Software Sizing, Estimation, and Risk Management: When Performance is Measured Performance Improves is a practical, hands-on discussion of the software estimation, planning, and control process. This includes critical factors that impact estimates, methods for selecting and applying appropriate measures to projects, proper software sizing, and processes to identify and manage risk. The authors use their expertise in sizing, estimation, process engineering, and risk management to clearly demonstrate problems that make many estimates crumble and solutions that provide successful project plans. The book offers insight not available anywhere else, enabling readers to recognize and avoid downstream impacts resulting from poor estimates.
Review By: Cathy Bell 07/08/2010In this book, authors Daniel Galorath and Michael Evans combine basic life principles with software project management techniques. In the preface the authors stress that this is not a book on estimation theories or concepts but rather is a hands-on discussion of what critical factors should be considered when providing estimates, selecting and applying appropriate measures to a project, accurately documenting the size of your project, and identifying and managing risks.
The book is divided into four sections. Chapter 1, aptly titled "The Problem" gives an honest accounting of the many issues we face that lead to failed software projects, such as not adequately planning our resources, not having management backing, and not gathering meaningful data along the way. The authors stress that we need a solid, workable software development plan and then proceed to map a ten-step process to achieve such a plan. The value of this book is that the plan outlined has been proven to work. The steps to achieve the plan are clear, and both the steps and plan are flexible enough to accommodate projects of varying sizes and complexities.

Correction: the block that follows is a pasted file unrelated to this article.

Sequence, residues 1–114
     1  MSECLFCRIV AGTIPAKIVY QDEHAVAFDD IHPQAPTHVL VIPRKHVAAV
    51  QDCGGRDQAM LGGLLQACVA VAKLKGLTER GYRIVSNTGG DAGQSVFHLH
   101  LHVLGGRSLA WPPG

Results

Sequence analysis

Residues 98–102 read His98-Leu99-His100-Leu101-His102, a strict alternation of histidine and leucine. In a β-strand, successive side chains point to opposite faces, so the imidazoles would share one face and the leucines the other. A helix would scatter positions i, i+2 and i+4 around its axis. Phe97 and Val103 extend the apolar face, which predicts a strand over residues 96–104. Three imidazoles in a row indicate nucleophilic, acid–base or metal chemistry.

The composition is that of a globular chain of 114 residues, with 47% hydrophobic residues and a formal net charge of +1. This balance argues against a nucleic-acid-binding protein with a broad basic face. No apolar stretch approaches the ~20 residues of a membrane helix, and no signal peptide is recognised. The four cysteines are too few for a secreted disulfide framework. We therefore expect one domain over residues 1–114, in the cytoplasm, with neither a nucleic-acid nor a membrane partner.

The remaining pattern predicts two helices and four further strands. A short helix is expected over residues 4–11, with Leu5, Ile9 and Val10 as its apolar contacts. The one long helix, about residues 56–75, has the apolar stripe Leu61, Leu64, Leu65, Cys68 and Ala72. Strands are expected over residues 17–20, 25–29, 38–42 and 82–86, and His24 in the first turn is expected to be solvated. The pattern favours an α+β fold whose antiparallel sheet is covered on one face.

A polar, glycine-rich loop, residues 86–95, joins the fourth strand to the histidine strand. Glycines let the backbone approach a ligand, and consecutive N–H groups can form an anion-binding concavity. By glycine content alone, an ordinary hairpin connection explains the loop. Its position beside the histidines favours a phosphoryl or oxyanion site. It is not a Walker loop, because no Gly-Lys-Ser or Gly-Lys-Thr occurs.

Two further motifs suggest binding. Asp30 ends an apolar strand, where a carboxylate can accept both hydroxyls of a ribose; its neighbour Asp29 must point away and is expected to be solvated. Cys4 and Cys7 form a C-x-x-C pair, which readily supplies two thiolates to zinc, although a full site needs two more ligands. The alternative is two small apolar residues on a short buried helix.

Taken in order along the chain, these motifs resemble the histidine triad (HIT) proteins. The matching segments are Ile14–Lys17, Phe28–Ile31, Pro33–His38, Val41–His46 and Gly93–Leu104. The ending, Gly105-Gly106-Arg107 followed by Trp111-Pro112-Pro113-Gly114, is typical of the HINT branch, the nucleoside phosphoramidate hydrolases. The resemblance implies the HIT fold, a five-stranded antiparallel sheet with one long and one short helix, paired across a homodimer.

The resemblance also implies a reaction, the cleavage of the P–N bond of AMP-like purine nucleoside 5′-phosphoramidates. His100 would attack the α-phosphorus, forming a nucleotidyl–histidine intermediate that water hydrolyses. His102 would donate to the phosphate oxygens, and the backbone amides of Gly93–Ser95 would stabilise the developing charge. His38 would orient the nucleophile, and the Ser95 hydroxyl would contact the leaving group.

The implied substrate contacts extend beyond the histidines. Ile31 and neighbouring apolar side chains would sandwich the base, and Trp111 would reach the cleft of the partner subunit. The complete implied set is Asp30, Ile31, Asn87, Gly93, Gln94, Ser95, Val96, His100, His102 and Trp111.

The authors have done a good job explaining different processes that may be unfamiliar to the reader. They provide enough details to keep the discussion on target. There are plenty of checklists and document samples. One is a sample of a project task summary tool useful in determining what ancillary tasks might be necessary to complete a project but may not be tasks we would outline in our traditional project plans. The authors detail various methods to estimate and measure a project size, including counting source lines of code (SLOC), function-point counting, and methods used for object oriented (OO) development. The book details steps necessary to manage and monitor the development process so we can measure our performance along the way. There are also guidelines on how to best manage risk so that one can remove uncertainty from a project. The final two chapters of the book are an introduction to Galorath Inc.'s project-planning tool, SEER-SEM.
The authors' strive in this book is to guide us towards a repeatable process for developing and validating our software project estimates, taking into account the risks involved so that we can accurately size both the project and software deliverables. If we follow the steps outlined in this book, we are surely setting ourselves up for success. Estimate based on a solid plan, plan based on solid requirements, and then monitor and record our progress so that we can validate our estimates and our plan.